A bill designed by Sen. Orrin Hatch, R-Utah, to include the best ideas from the myriad of child-care bills before Congress was introduced Tuesday in the House.

Rep. Nancy Johnson, R-Conn., introduced the Hatch-Johnson Child-Care Services Improvement Act in the House because the Senate has recessed for Easter. Hatch said the bill will be introduced there as soon as the Senate reconvenes."All the good ideas are in one bill," Hatch said of his "new and improved" proposal. "I believe this bill is the closest of any introduced so far to what will finally be passed by both houses and signed by the president."

Democrats would disagree. The bill does not force - as they insist - day-care providers who receive federal money to meet minimum federal quality standards. It also does not require parents to use money directly for day care.

Still, Democratic and Republican proposals have been moving closer recently - and Hatch said he hopes this bill will move Democrats even further in his direction.

Democrats have already generally supported Hatch's and President Bush's ideas to give low-income families tax credits to help pay for child care - even if one parent stays home. In return, Hatch has supported Democratic bills to provide direct assistance and oversight to day-care providers.

The new bill is estimated to cost $2.4 billion to $2.7 billion, if fully implemented. Hatch said it would cost $5 billion to fund a compromise of adopting both Republican-sponsored tax credits and Democratic-backed direct-assistance proposals.

"I'm not sure we can find $5 billion, but I do think we could find the $2.5 billion this bill would cost," he said.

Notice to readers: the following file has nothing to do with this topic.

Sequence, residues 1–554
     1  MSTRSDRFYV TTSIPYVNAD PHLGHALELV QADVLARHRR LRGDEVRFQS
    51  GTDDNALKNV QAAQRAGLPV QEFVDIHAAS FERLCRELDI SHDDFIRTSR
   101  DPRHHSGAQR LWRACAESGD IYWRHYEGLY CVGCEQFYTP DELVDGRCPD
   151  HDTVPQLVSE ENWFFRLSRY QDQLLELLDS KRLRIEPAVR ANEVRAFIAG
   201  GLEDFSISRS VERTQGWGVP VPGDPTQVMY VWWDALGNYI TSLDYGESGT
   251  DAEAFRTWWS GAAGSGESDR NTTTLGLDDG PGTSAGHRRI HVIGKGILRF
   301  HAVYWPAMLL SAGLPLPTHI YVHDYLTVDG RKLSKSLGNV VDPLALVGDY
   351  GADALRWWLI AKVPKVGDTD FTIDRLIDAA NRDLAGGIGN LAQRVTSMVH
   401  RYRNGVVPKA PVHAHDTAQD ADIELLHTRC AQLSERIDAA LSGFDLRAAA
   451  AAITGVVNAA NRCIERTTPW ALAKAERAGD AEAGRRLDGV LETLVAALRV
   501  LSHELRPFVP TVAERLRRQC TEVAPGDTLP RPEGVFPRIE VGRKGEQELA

The money could come, Hatch said, from reworking who is eligible for the $16 billion worth of programs already aimed at care of children. He said removing unnecessary assistance given to wealthy families could provide all or most of the $2.5 billion needed.

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WHAT THE BILL DOES

-Gives a tax credit to low-income families to help pay for child care. Families would receive up to $2,000 - even if one parent stays home - and be able to buy day care from themselves or anyone they choose.

-Authorizes a "block grant" program that would give states and communities money to use as they choose to improve the availability and quality of child care.

-Provides tax credits for businesses establishing on-site or near-site day care for employees' children, and gives tax credits for programs to allow employees to work at home or vary shift schedules to care for children.

-Reforms child-care liability laws so day-care providers would be less exposed to lawsuits, which should help businesses better afford insurance to provide more child care for employees.

-Provides $100 million for the start-up of an insurance pool to help home-care providers obtain insurance.